   Sum of the Probabilities of    .5

All Mutually Exclusive and
Collective Exhaustive Events
is 1
0    Impossible
Chap 4-12
Computing Probabilities

   The Probability of an Event E:
number of successful event outcomes
P( E ) 
total number of possible outcomes in the sample space
X

T          E.g., P(                ) = 2/36
(There are 2 ways to get one 6 and the other 4)

   Each of the Outcomes in the Sample Space is
Equally Likely to Occur
Chap 4-13
Computing Joint Probability

   The Probability of a Joint Event, A and B:
P(A and B )
number of outcomes from both A and B

total number of possible outcomes in sample space

E.g. P(Red Card and Ace)
2 Red Aces         1
                         
52 Total Number of Cards 26
Chap 4-14
Joint Probability Using
Contingency Table

Event
Event          B1            B2       Total
A1      P(A1 and B1) P(A1 and B2) P(A1)
A2      P(A2 and B1) P(A2 and B2) P(A2)

Total          P(B1)        P(B2)       1

Joint Probability           Marginal (Simple) Probability

Chap 4-15
   Probability of Event A or B:
P( A or B )
number of outcomes from either A or B or both

total number of outcomes in sample space
E.g.   P(Red Card or Ace)
4 Aces + 26 Red Cards - 2 Red Aces

52 total number of cards
28 7
    
52 13
Chap 4-16
P(A1 or B1 ) = P(A1) + P(B1) - P(A1 and B1)
Event
Event       B1            B2      Total
A1      P(A1 and B1) P(A1 and B2) P(A1)
A2      P(A2 and B1) P(A2 and B2) P(A2)

Total       P(B1)        P(B2)      1

For Mutually Exclusive Events: P(A or B) = P(A) + P(B)

Chap 4-17
Computing Conditional
Probability

   The Probability of Event A Given that Event B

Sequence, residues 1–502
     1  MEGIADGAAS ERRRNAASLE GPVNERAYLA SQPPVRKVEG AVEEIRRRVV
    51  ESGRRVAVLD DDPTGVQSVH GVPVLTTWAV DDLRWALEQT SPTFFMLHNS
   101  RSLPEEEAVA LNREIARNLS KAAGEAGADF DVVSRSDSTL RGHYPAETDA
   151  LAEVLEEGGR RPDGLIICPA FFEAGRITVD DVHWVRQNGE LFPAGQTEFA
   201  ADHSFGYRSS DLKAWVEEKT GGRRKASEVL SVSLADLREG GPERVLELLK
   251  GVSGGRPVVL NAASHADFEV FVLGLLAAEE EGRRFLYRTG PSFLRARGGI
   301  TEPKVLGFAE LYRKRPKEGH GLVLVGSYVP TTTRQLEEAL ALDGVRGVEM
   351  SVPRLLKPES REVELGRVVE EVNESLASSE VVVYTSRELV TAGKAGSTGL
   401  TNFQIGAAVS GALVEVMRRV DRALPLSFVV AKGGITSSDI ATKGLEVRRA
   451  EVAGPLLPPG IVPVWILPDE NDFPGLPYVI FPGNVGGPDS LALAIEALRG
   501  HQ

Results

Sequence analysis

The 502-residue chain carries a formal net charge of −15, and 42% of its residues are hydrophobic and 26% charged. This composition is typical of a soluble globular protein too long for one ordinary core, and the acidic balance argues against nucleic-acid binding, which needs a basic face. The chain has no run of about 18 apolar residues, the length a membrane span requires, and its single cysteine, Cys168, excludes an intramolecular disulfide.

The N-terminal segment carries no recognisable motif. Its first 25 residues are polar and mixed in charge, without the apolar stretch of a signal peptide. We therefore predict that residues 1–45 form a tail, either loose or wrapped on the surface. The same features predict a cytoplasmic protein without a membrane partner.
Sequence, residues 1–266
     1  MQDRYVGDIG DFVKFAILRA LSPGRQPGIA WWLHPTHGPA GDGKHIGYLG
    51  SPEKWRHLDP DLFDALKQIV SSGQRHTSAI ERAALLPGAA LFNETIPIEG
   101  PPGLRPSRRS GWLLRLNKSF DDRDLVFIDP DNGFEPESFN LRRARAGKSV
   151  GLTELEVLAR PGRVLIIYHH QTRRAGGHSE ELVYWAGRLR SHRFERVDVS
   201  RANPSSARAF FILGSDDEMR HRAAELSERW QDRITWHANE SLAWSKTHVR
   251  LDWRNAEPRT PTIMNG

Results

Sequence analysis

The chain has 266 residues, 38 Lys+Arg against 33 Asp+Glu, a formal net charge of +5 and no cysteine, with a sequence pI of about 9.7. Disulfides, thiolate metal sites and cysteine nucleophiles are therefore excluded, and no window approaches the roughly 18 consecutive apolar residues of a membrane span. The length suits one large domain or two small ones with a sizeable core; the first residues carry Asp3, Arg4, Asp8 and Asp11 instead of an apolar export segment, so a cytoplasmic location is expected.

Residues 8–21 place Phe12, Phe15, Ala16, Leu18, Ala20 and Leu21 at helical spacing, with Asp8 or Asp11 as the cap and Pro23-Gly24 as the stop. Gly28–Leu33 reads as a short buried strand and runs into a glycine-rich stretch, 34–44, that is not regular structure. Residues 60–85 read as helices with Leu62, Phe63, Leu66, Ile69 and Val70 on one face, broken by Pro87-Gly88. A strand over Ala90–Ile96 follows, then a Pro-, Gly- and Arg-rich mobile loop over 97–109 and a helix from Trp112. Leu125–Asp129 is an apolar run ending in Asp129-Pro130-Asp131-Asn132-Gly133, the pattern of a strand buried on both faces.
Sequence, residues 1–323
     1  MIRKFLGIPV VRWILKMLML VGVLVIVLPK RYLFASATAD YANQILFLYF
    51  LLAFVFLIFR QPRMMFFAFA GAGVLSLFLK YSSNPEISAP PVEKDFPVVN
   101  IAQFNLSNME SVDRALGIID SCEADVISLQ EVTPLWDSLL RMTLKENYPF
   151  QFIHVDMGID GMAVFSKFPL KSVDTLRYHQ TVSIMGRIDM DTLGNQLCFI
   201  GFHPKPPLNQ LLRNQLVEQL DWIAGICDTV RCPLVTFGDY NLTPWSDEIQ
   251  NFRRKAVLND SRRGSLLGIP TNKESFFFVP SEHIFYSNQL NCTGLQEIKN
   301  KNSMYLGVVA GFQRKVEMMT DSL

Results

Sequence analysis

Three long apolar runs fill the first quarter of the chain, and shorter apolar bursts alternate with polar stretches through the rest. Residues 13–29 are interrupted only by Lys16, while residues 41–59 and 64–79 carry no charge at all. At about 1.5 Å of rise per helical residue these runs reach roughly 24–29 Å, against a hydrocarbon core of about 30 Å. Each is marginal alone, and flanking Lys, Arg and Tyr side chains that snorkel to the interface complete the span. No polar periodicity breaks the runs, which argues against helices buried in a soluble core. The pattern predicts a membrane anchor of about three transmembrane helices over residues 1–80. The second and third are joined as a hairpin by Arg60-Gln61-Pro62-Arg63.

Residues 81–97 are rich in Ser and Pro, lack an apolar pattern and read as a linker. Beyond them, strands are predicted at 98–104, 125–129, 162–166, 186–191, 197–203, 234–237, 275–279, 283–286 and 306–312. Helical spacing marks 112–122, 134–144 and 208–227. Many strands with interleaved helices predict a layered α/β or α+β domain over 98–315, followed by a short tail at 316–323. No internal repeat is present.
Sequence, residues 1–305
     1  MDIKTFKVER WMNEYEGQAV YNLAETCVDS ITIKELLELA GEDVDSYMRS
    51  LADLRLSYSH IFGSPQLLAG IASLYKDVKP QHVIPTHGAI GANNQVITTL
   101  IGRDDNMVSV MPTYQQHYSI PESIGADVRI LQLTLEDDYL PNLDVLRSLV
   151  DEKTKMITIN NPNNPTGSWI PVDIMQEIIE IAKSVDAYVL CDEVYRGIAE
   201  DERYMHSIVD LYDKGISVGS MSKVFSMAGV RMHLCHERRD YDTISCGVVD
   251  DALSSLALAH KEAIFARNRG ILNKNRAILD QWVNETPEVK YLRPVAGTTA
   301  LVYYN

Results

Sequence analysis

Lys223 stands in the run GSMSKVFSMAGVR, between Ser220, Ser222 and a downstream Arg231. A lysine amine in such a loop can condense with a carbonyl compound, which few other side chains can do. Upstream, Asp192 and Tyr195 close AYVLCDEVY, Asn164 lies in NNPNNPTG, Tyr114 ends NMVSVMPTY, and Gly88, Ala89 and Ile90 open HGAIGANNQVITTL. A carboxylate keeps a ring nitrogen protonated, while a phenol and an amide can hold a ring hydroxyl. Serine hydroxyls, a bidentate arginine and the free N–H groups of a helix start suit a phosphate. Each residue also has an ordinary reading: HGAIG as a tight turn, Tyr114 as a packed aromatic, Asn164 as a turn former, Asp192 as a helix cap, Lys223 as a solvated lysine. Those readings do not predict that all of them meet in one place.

Has Occurred:
P ( A and B )
P( A | B) 
P( B)
E.g.
P(Red Card given that it is an Ace)
2 Red Aces 1
               
4 Aces        2
Chap 4-18
Conditional Probability Using
Contingency Table
Color
Type    Red     Black    Total
Ace        2           2     4
Non-Ace   24        24      48
Total     26        26      52

Revised Sample Space
P(Ace and Red) 2 / 52    2   1
P(Ace | Red)                           
P(Red)       26 / 52 26 13
Chap 4-19
Conditional Probability and
Statistical Independence

   Conditional Probability:
P( A and B)
P( A | B) 
P( B)
   Multiplication Rule:

P( A and B )  P( A | B ) P ( B )
 P ( B | A) P ( A )
Chap 4-20
Conditional Probability and
Statistical Independence
(continued)

   Events A and B are Independent if
P( A | B)  P( A)
or P( B | A)  P( B)
or P( A and B)  P( A) P( B)

   Events A and B are Independent When the
Probability of One Event, A, is Not Affected by
Another Event, B
Chap 4-21
Bayes’ Theorem
P  A | Bi  P  Bi 
P  Bi | A 
P  A | B1  P  B1       P  A | Bk  P  Bk 